(PDF version to download)
As the rest of the semester will be focused on, surrounded by and immersed completely in your abstract noun, we need to lay the foundation for future study. That is the aim of this product. You will build off of our in-class explorations of your noun and provide your readers with the culturally acceptable definitions and then use those as a jumping off point to create your own definition that is grounded in real-world examples.
For the abstract noun you choose, you need to research the following three, accepted definitions:
- Lexical: dictionary definition, meaning of the word as it is commonly used. Think about using www.m-w.com for the source.
- Practical (or stipulative): when a word is given a definition specifically for the argument in process. This is when you would say, “Okay, we’ll say that x is whatever.” X may not actually be that limited or even mean that at all, but “for the sake of the discussion” we will all agree to use it that way. The Urban Dictionary is a great example of this type of definition.
- Précising: makes the definition more specific than the dictionary definition, usually by including parameters that narrow the definition. These are often used when vagueness is not acceptable (like in a legal document or a scientific document). This style of definition will have a significant number of limitators and explainers.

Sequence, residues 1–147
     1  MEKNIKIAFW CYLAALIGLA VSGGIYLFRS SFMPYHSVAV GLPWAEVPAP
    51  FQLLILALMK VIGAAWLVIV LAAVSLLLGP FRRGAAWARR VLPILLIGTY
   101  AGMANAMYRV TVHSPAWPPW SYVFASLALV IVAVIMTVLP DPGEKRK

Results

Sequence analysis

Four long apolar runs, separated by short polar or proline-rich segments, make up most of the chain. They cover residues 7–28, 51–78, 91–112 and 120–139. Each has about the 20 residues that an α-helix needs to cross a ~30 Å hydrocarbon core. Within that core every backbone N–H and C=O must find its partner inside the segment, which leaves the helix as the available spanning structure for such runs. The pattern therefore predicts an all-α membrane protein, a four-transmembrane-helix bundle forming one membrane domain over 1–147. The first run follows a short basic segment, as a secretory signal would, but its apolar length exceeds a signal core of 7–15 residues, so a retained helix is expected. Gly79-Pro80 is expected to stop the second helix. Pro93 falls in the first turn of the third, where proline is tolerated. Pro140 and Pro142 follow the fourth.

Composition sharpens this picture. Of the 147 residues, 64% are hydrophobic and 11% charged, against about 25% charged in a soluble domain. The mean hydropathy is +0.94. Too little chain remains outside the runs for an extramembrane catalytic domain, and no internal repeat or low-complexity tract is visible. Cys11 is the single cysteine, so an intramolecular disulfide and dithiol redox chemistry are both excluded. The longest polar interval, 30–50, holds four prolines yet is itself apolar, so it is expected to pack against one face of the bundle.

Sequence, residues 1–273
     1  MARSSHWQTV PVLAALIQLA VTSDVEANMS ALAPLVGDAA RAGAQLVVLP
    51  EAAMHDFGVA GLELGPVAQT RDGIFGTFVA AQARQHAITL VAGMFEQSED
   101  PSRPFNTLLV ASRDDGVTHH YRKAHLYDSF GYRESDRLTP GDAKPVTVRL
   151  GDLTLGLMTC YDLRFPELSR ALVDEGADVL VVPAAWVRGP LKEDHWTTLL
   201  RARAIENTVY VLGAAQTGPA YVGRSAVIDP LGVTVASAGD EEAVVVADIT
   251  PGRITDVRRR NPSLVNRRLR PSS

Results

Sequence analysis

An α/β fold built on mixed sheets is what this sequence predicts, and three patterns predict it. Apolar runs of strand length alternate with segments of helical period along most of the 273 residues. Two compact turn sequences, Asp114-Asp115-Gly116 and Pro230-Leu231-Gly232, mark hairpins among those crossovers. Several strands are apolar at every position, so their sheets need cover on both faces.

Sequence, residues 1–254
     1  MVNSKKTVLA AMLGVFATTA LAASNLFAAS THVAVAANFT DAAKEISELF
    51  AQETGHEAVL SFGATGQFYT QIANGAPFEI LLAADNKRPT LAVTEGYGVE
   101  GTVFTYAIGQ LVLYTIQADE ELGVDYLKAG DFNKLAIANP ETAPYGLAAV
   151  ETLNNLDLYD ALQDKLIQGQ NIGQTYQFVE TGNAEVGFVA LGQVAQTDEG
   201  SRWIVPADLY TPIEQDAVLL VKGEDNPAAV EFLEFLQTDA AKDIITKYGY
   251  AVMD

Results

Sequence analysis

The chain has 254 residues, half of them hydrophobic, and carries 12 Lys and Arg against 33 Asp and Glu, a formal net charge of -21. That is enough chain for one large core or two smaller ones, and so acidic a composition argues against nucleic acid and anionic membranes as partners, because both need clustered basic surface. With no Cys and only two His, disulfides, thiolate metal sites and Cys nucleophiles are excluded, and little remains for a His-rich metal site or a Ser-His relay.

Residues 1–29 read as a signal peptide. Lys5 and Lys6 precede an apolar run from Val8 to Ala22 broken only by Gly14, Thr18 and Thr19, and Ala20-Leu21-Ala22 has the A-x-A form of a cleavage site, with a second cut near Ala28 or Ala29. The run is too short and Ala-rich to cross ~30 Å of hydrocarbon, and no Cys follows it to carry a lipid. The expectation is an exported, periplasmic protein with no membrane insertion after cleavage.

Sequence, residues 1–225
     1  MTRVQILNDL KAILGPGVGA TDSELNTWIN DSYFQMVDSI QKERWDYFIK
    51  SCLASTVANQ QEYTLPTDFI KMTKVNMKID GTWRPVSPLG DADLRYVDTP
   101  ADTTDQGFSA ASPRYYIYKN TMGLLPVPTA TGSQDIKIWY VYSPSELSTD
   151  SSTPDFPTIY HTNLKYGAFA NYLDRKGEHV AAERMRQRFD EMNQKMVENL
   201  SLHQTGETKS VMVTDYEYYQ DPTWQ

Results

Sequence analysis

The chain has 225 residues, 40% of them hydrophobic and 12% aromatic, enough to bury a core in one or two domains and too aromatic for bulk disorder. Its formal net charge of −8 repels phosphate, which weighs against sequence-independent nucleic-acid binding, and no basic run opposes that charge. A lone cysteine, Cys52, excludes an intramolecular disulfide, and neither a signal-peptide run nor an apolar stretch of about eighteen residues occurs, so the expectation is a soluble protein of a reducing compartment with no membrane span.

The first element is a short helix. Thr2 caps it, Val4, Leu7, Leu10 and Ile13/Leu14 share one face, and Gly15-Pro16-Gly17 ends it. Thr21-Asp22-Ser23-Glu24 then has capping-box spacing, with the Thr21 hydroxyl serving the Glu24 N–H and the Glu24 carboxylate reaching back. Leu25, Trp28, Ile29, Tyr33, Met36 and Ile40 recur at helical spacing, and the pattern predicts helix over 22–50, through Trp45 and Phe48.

You also needs to create your own definition of the word, backed up with research and occurrences throughout time, history and writing that support your definition.
Structure of the Paper:
- Definition Paragraph: This first paragraph will also allow you to define it more precisely. You also need to use the exact, lexical definition that you find/found. This requires an MLA in text citation and a works cited page. I suggest drawing your word as a jumping off point. Also, search for quotes that contain your word to help you in your definition.
- Multiple Examples: You need to provide examples of this word from your life or the lives of the ones you know and the world around that match your own definition of the word. Your own definition of the word may not be a definition that already exists. I would suggest including a quote or three that contain your word as evidence to defend your own definition. Also the concept map and synonyms and antonyms we looked up in class may be helpful.
- Wrapping it Up: How do you end this product? You could recap, remind of the definitions. You could even state what the word does not mean. You could review your illustration. Add an additional example that was too short to write a whole paragraph about. You could also give an example that is not your definition and say why it is not, ending with your own definition again. Or something else entirely.